Be omnivorous, don't just read one kind of book, read everything. - Richard Wagamese

Friday, September 9, 2011

Review: Within the Hollow Crown by Margaret Campbell Barnes

Publisher: Sourcebooks 
Pages. 333 
Source: Publisher (Advanced Reading Copy) 

Richard II was a king like no other, he never intended or desired to become king. The sudden and unexpected passing of both his father and grandfather left him with a crown upon his head and political unrest in his country. Richard, a mere eleven years old began to rule under the control of regency council. 'Within the Hollow Crown' is a story of a young boy, at the mercy of his scheming, deceitful uncles who grows into a man and ruler. A man who steps out from the shadows, and proved himself to be a man of the people. The story comes alive once Anne of Bohemia becomes the newest Queen. A bittersweet love story, the essence of true love. Anne a political pawn in the politics of Europe falls in love with her husband and becomes his biggest supporter. Richard, a lonesome king, no longer felt alone. He wholeheartedly supported his wife, and together they would rule England. Anne disliked Richard's uncles intensely, and Richard himself had years of repressed emotions. For many years his uncles chose not to listen to him. Richard a boy who lacked confident, felt grossly ignored in a room full of people. This is simply a coming of age story about a young, oblivious boy who became a king. 

Margaret Campbell Barnes is an amazing historical fiction writer. Her characterization is impeccable. She has a remarkable ability to bring the royal court alive. The story of Richard II was new to me. I had little background knowledge prior to reading this story. I have seen some reviews mention that her research is outdated. However, the story was a great read. I will certainly be doing more research myself. The story began slowly for me, once Anne stepped in I was hooked and wanted to keep reading. I highly recommend this one, and I will be reading more from her. I'm very happy that this has been reprinted. This is not a story as scandalous, and absorbing as Henry VIII but it is great nonetheless.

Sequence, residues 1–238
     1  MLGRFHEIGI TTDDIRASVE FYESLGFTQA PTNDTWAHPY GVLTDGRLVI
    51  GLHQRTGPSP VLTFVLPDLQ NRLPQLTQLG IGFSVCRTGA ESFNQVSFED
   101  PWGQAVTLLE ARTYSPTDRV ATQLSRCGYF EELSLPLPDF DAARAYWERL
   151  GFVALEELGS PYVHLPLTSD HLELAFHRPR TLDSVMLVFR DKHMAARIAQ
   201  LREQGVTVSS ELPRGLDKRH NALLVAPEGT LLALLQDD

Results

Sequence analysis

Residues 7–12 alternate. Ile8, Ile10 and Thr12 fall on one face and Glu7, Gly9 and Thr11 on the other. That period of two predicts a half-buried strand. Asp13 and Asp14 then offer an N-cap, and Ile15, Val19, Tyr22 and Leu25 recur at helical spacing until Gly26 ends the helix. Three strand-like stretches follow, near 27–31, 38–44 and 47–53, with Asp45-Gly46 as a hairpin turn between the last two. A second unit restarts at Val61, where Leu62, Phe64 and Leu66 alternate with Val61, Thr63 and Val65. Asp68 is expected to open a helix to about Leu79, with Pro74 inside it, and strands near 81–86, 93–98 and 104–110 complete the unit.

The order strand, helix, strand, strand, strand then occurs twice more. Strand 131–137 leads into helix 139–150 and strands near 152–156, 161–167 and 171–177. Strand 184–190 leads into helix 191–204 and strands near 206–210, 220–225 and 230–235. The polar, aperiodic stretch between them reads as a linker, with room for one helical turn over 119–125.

1. Like you, I don't have much knowledge of this story, so I don't think complaints about the quality of the research would be a problem for me. It does sound like a good story, and a well-written book. I'll keep it in mind the next time I'm looking for a historical fiction read.

  2. I do love historical fiction! Sometimes I get tired of reading about so many royal courts but this one sounds like it'd be pretty entertaining!

  3. I love historical fiction. But mainly I read historical romance and kind of want to branch out a bit more from that. This one sounds pretty interesting...and a bit different. Not too many kings are portrayed well, and they certainly don't ever seem to harbor much love for their wives.

  4. I know I've read one of her other books (and loved it) I just can't remember which one. I don't know a whole lot about each of the kings either. Henry VIII definitely takes the cake for outrageous behavior though. :)

  5. I don't read much historical fiction, but you've made this sound sooo good.

  6. I could like this one, well I should like this one considering that I love the era and historical fiction :D

  7. I've read profusely Elizabeth I and Henry VII books, but never about Richard. When I get back on another binge, he'll be the first I pick up based on your review.
    Thank you so much for stopping by my blog, too. I so appreciate your comment.

  8. Great review. I had a bit of a different view of the novel though. While I thought the history was well done, I found the story itself to be rather flat.

    Since you enjoyed Within the Hollow Crown, I highly recommend you try Barnes' My Lady of Cleves, which is about Anne of Cleves. I thought it was very well done.

  9. I almost always find it funny (not in a ha ha way) when people criticize the research in a historical FICTION novel - really. It's fiction. It may have a few true facts and/or events within its pages, but as fiction, the author can feel free to take dramatic license at any time. If it's a good read, then all should be well. Great review.